The graph shows the year films were made plotted against their length. So you can easily see which films are lengthy and recent, as opposed to short and old (like Woody Allen). Clicking on a data point shows the movie details, including a picture of Woody Allen.
The clever bit is the tools which allow the user to zoom and filter information in helpful ways. One of these is the "zoombar":
This is like a scroll bar, but rather than just moving it from side to side, you can move either end, and so select the range of data. So, in this example, only films which are between 67 and 181 minutes are shown, and you can easily change this range. What's more the data displayed changes as you move the bar, so you can see how it changes as you go along. This is faster and easier than entering and re-entering ‘from' and ‘to' numbers. There's more to it than just this, but space is limited so I'll press on. View a video of Ben Shneiderman explaining starfields
A third quite groovy method is called "LifeLines" (actually quite a good name). Here's a simplified version which shows how patterns in patients' medical records can be analysed.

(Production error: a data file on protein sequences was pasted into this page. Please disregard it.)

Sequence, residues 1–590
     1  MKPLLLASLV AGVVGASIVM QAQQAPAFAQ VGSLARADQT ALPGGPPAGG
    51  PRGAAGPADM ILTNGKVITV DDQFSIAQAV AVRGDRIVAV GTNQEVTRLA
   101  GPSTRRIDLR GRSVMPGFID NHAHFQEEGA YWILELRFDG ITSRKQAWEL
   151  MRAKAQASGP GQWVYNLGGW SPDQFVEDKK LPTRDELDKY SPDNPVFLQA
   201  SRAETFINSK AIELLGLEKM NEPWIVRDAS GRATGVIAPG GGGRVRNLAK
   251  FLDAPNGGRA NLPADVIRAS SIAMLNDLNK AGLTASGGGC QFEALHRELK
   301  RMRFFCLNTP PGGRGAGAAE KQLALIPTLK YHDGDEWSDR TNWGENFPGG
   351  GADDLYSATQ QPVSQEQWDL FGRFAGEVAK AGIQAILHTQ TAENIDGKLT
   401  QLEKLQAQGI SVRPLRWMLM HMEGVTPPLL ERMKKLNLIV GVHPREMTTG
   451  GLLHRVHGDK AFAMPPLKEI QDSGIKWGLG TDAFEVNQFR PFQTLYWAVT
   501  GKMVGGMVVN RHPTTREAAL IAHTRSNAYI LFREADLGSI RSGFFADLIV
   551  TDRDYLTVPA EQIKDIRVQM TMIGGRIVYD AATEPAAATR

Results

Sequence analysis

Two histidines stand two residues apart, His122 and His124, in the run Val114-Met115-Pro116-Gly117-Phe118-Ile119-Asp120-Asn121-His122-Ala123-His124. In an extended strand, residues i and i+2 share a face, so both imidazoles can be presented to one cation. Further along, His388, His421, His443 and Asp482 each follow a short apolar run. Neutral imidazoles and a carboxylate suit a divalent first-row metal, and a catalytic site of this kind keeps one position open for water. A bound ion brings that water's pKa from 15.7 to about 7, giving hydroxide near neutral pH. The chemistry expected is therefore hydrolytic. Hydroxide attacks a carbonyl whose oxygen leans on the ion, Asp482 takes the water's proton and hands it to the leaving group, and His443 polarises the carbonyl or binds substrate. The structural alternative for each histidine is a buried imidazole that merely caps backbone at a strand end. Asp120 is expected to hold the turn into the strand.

The timeline of each patient is marked with the significant events:
You can then choose to align one event type, e.g. a heart attack. This moves the timelines so that the "heart attack events" (assuming just one for each patient) are all vertically aligned:
The graph at the bottom shows when the patients started using Medication X, relative to when they had their heart attack. We can see that more patients started using it just before their heart attack than at any other time, which suggests Medication X is part of the problem. (Please note: in this simplified example, only four timelines are shown but there are many more unseen ones.) See a fuller description, including a video
Big Ben gave a whole lot more examples, including methods of searching for particular patterns within a large number of line graphs and ranking sets of scatter plots by how closely they fit certain shapes.
It was quite inspiring if you're a bit nerdy like me. However, back at the office the next day a disturbing surprise awaited me.